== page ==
THREE Scottish councils are among the UK local authorities with the highest average debt, according to new figures.

An analysis of data from the Department for Levelling Up, Housing and Communities by the BBC looked at the top 10 council areas with the highest average debt per resident.

Topping the list is Woking Council in Surrey, eclipsing the other local authorities by a large amount at £18,756 per resident.

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The Scottish council highest on the list is Comhairle Nan Eilean Siar – led by an independent councillor – at £4845 per resident. Aberdeen – led by a coalition between the SNP and the Liberal Democrats – is next at £4825, followed by Labour-led East Lothian at £4106.

The full list is below: 

  1. Woking, £18,756
  2. Spelthorne, £10,415
  3. Warrington, £8236
  4. Thurrock, £8049
  5. Runnymede, $7276
  6. Comhairle Nan Eilean Siar, £4845
  7. Aberdeen, £4825
  8. Barking and Dagenham, £4735
  9. South Tyneside, £4283
  10. East Lothian, £4106

A report in 2012 signed by then Communities secretary Eric Pickles encouraged council leaders to pursue investments in order to prevent cuts.

Most of the borrowing  comes from the Public Works Loan Board (PWLB), part of the Treasury, which uses public money to hand out long-term loans at a low rate of interest.

It comes after a watchdog said the finances of Scottish councils are not unsustainable but there are “real risks” in the future.

The latest report on council finances from the Accounts Commission said the total budget gap in the country’s local authorities rose to £725 million for the next financial year – almost double the £476m from the year before.

In England, a number of councils are struggling financially, raising the spectre of the same happening north of the Border, with Middlesbrough Council appealing to the UK Government for financial aid to avoid declaring effective bankruptcy.

Local authority body Cosla said the report shows how shaky the financial ground is for councils and highlights the need to secure a “solution to these long-term issues in order to protect the essential frontline service of our communities”.

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The report said: “Local appointed auditors did not identify any councils in Scotland as being financially unsustainable in the short term.

“However, the financial outlook is extremely challenging, with Scottish councils facing unprecedented financial and service demand pressures which present real risks for the future.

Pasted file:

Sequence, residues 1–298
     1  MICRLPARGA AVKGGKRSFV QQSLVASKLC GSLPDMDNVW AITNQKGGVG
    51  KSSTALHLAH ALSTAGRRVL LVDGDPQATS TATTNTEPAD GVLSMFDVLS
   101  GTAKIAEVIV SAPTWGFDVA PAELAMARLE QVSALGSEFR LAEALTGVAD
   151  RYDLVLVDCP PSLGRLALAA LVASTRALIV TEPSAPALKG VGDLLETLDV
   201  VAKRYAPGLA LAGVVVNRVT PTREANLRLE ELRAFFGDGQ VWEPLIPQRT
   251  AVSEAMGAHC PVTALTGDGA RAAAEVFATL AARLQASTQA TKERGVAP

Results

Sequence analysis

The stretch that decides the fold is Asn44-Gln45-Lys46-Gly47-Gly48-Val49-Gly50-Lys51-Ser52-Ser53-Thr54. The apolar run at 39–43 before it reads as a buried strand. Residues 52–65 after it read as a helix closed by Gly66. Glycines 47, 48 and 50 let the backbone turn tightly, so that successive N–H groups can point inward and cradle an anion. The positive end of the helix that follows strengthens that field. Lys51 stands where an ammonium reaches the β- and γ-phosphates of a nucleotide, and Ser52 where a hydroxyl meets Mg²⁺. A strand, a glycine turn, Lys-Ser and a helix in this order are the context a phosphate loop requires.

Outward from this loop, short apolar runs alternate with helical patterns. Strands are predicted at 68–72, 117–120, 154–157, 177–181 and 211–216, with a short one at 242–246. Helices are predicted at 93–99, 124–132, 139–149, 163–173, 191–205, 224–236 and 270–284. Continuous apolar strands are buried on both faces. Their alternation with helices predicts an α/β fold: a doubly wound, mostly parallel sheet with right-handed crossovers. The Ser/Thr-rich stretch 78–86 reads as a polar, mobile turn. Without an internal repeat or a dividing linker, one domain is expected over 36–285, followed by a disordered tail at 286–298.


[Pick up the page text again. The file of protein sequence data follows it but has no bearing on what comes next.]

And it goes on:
“Although Scottish Government core funding increased in cash and real terms in 2023-24, councils reported a significant increase in the total budget gap to £725 million.”

It added: “Councils’ medium- and longer-term financial plans demonstrate a clear recognition of the difficult financial context and the need to continue to innovate at pace and make difficult decisions to become more financially sustainable.

“But some councils are already experiencing significant resistance when seeking to make service reductions to balance budgets.

“This reinforces the need for effective consultation and engagement with communities on planned local service changes.”

Last summer, the Scottish Government and Cosla signed the Verity House Agreement – a deal between the two bodies which pledged to create a fiscal framework for councils as well as better long-term budgeting.

The Accounts Commission said meeting the commitments of the agreement will be “important”, increasing financial certainty and flexibility for councils.

Cosla’s resources spokeswoman, Katie Hagmann, said some of the messages from the Accounts Commission report were “stark” but “came as no great surprise” to councils.

“Today’s Accounts Commission bulletin is a true reflection of where we are now,” she added.

“Our reality right now is extremely challenging – years of real-terms cuts to council budgets have been coupled with increasing additional policy commitments and increased ring-fencing.

“With so much funding still directed, the ability to take local decisions on most of our budget is almost impossible.”

The report also took aim at the Scottish Government’s proposed council tax freeze for next year.

The policy, announced by First Minister Humza Yousaf at the SNP conference in Aberdeen, will see councils given a share of £144m to fund it.

But the decision drew the ire of councils, who claimed there had been no consultation on the issue before it was announced and dashed hopes that authorities could be able to raise the levy to ease pressures.

A spokesman for the Scottish Government said: “We welcome the report from the Accounts Commission that confirms the Scottish Government provided a real-terms increase in revenue funding for local government in both 2022-23 and 2023-24.

“The Scottish Government recognises the financial challenges that the entire public sector are facing and that local authorities and their employees play a pivotal role in our communities.

“In the face of a profoundly challenging financial situation, we are making available record funding of over £14 billion to councils – a real-terms increase of 4.3% compared with the 2023-24 budget.”